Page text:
Sunday, May 03, 2009

...TODAY... 60 YEARS AGO...

Il Grande Torino

Grande Torino ("The Great Torino") is the name by which the Torino F.C. team of the 1940s is popularly known in Italy. Torino F.C. set many important records of Italian football, all of which still stand today.

Grande Torino played with the 4-4-2 10 years before the Brazil 1958 World Cup team, and some of their game tactics anticipated by 35 years the Dutch Total Football that revolutionized the game in the 1970s.

The starting lineup of Grande Torino included Valerio Bacigalupo, Aldo Ballarin, Virgilio Maroso, Pino Grezar, Mario Rigamonti, Eusebio Castigliano, Romeo Menti, Ezio Loik, Guglielmo Gabetto, Valentino Mazzola, and Franco Ossola; the son of Ossola is now the major biographer of the Club's history.

The Italy national football team starting lineup in the second half of the forties consisted almost entirely of Grande Torino players, which regularly contributed with 8-9 starters. On May 11, 1947, for the friendly match between Italy and Hungary 3-2, the Azzurri starting lineup was made of 10 Grande Torino players plus the Juventus goalkeeper Sentimenti IV. Italian manager Vittorio Pozzo reserved the Azzurri starting keeper Valerio Bacigalupo; otherwise it would have been the whole Grande Torino team playing for Italy.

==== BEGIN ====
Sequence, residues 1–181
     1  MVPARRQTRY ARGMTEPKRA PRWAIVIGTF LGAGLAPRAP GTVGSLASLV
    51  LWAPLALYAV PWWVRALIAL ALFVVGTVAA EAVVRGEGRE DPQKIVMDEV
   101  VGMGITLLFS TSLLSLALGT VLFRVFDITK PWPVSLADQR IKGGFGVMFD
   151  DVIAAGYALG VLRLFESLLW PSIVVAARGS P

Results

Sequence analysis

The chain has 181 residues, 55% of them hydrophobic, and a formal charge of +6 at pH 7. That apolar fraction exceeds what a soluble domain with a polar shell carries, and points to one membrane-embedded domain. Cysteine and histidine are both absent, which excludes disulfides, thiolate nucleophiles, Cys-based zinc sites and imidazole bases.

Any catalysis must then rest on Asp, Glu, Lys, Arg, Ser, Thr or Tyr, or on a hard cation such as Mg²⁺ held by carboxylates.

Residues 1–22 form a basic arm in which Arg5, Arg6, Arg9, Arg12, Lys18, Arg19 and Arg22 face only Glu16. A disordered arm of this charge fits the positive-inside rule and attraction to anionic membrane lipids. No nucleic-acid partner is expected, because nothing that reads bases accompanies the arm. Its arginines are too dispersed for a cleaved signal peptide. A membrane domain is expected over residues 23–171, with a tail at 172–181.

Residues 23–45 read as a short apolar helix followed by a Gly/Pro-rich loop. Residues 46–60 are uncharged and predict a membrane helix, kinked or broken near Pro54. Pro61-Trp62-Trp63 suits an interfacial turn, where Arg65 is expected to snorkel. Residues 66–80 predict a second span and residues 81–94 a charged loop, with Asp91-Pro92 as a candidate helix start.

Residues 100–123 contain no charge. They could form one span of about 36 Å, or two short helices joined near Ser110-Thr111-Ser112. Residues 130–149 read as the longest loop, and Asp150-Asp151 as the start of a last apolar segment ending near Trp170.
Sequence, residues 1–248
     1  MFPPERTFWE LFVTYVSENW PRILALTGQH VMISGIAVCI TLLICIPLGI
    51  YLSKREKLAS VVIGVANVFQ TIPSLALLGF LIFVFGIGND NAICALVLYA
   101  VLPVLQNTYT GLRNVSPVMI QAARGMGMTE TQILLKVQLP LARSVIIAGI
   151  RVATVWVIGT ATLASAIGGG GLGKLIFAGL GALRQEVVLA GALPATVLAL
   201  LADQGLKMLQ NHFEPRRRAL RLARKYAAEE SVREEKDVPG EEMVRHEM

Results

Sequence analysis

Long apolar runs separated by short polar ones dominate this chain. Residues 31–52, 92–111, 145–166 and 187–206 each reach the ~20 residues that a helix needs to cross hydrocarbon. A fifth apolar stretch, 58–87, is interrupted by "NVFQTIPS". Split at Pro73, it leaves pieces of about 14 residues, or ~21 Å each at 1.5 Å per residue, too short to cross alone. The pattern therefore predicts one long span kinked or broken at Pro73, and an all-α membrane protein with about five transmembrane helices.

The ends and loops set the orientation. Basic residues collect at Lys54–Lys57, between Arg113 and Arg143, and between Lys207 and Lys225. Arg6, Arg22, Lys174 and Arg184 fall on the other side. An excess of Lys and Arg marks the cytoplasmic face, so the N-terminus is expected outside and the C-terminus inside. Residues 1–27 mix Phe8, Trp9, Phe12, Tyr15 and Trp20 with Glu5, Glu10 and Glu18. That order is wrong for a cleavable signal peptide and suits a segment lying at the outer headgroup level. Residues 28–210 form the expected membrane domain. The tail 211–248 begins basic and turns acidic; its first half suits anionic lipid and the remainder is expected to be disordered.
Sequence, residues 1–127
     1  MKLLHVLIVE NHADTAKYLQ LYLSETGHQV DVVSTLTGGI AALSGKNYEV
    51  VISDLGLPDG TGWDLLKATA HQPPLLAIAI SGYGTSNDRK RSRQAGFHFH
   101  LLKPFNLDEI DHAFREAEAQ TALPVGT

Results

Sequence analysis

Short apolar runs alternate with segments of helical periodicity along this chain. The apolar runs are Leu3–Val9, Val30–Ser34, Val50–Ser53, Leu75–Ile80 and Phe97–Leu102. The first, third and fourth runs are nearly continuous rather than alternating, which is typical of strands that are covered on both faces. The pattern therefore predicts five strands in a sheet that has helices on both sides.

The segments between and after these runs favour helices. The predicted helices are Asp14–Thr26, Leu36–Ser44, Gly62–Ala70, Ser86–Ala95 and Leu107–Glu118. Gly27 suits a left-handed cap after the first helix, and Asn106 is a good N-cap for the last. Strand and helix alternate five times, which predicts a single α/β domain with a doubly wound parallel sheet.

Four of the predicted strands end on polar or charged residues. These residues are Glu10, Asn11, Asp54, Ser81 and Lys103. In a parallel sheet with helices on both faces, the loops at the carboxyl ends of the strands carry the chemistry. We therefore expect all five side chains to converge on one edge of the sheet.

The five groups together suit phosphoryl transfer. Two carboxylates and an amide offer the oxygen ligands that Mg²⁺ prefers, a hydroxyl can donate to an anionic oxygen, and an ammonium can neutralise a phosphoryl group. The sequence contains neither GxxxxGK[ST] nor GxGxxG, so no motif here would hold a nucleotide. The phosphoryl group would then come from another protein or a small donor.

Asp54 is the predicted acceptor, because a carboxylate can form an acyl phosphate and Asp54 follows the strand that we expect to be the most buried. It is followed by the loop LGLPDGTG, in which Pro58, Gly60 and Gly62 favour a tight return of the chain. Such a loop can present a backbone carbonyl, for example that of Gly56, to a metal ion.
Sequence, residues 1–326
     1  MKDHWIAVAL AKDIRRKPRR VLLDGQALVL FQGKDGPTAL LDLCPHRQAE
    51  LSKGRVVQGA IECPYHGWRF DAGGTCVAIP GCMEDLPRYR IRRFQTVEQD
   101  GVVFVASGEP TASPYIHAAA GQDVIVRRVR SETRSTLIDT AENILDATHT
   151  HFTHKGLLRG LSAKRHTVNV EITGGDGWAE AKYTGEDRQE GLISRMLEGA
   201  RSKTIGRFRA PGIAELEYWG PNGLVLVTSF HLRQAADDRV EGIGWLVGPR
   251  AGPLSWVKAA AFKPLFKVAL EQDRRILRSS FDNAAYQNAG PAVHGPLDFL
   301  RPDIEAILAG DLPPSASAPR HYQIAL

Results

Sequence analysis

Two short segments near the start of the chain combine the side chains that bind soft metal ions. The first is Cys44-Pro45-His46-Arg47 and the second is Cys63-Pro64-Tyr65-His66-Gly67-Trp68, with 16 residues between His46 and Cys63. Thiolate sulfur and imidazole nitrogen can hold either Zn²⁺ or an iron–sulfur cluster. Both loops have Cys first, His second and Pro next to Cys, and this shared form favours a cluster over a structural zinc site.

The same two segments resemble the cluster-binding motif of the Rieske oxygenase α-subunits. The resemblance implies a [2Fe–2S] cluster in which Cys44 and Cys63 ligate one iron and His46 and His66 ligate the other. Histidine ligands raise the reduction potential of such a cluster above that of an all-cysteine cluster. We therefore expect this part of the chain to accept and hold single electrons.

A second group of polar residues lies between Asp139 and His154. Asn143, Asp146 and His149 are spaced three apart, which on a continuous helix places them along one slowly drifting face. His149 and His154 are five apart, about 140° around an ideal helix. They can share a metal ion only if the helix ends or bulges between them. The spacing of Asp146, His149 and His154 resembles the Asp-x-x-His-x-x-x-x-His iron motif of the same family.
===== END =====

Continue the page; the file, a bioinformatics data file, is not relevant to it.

Legendary captain Valentino Mazzola was also the captain of the Italy national football team as well as the father of Sandro Mazzola, who was also a great champion playing for Internazionale Milano and Italy in the 1960s-70s. Valentino was an all-around playmaker midfielder who could direct the team, pass, score, tackle, defend, inspire and lead his teammates.

The Superga tragedy

On May 4, 1949, after having secured their record fifth back-to-back Serie A title, and on their way home after a friendly match with Benfica in Lisbon, Portugal, the airplane carrying Grande Torino crashed against the Basilica of Superga, on a hill near Turin, killing nearly all the players and managers.[8]

Grande Torino is still much loved by Italian football fans as a symbol of national pride that helped Italian people get through the hardships of post World War II.

(Font wikipedia)


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